The restrooms say "Yinz Galz" and Yinz Guyz" on the door.  Apparently there is a Pittsburgh dialect, which is epitomised by this "yinz" (or"yunz").  Like the Glaswegian "youse", it is the plural of "you".  The web sites which discuss Pittsburghese claim this is just like "y'all", which is used all across the south.  If that's true, then there seems to have been a remarkable development, since people say "y'all come back now" to me, making it singular, and thus reintroducing the confusion it was designed to remove.

Friday, 26 February 2010

Thursday 25th February 2010 - Glasgow-by-the-Sea

          After making myself a good breakfast, I instruct Dulcie to take me to Glasgow.  She only knows it by the GPS co-ordinates, so she drags me though a farmyard and up a dirt track.  When I get to the designated spot, there is a fine new summer house/hunting lodge by a lake, but nothing else.  And the road onwards looks like grass.  Since I don't have four-wheel drive, and no cellphone signal, I drag Dulcie back to the main road, ignoring her 'recalculating', and at the very next junction
(I know what you're thinking, I thought it myself: "No, don't go in there, that sign's a fake.  It's some deformed banjo player who wants to show you his organ.")  In I went.  It's another dirt road, with what can only be described as 'swamp' on either side.  The water seems to be at the same level as the road.  One more bucket of water and the road would be flooded.
          There is a church, and a cemetery.  But all the graves are less than 30 years old.  (There is one for a McMillan, born 1936, and given the first name "German".  Now what would be the purpose of that, do you suppose?)  I drive on gingerly and find one rather fine house.  The couple here belong to the family whose name appears on the next road, the one that led to the farmyard.  They're very welcoming, and about my age.  He tells me that it's a black church  He thinks there used to be a white church there as well, and a store, but he's remembering from 50 or 60 years ago.  There were lots of small farms, the sort "one man and a mule could manage, about 10 to 15 acres".  The hunting lodge and the farm I passed through are now a large plantation, the "Mayhaw Plantation", which bought up all the small farms and turned them into quail habitat, for hunting.  They have horses and don't want the road paved.  He thinks he might be the last man in Georgia to live on a dirt road.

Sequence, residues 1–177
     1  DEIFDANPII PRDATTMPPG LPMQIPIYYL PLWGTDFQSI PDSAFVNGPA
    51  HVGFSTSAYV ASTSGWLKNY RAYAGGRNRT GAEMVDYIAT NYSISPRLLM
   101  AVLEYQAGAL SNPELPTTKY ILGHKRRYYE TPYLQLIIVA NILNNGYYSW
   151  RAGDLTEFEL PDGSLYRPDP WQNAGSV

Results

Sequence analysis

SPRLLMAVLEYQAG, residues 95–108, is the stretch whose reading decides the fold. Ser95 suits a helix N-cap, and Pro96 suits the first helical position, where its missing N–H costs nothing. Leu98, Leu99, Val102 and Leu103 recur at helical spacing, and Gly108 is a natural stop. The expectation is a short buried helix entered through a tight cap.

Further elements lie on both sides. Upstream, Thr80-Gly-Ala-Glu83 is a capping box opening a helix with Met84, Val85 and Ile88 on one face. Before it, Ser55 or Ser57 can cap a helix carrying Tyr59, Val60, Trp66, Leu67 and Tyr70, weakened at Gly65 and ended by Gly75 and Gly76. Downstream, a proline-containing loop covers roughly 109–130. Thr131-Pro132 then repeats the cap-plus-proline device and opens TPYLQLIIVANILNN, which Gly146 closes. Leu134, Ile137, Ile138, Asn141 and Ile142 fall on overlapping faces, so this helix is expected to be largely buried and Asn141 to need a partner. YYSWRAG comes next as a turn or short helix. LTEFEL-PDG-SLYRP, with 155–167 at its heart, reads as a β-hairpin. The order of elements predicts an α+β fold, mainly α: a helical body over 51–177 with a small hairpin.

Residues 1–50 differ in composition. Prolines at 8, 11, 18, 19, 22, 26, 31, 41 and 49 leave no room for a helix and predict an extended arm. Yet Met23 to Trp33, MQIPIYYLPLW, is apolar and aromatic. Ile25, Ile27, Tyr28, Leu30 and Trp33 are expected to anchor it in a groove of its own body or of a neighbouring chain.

I go back round to the farmyard, which is the centre of the plantation, and find another local of my age, and he remembers much the same things.  He adds that there was a McMillan family, which sounds promising, but he says they were black.
           There is, apparently, a fine genealogical library at the county seat, Thomasville, which is only about 8 miles away.  But it's a lovely sunny day, and I'm only an hour from the coast.  Just in case the weather changes, I thought I'd take the rest of the day off and go to the seaside.  I look at the map, and find a place called Panacea.  Now who could resist that?  Perhaps, more appropriately, there is a place called Lanark beside it.
          And this is what it looked like
Eat your hearts out!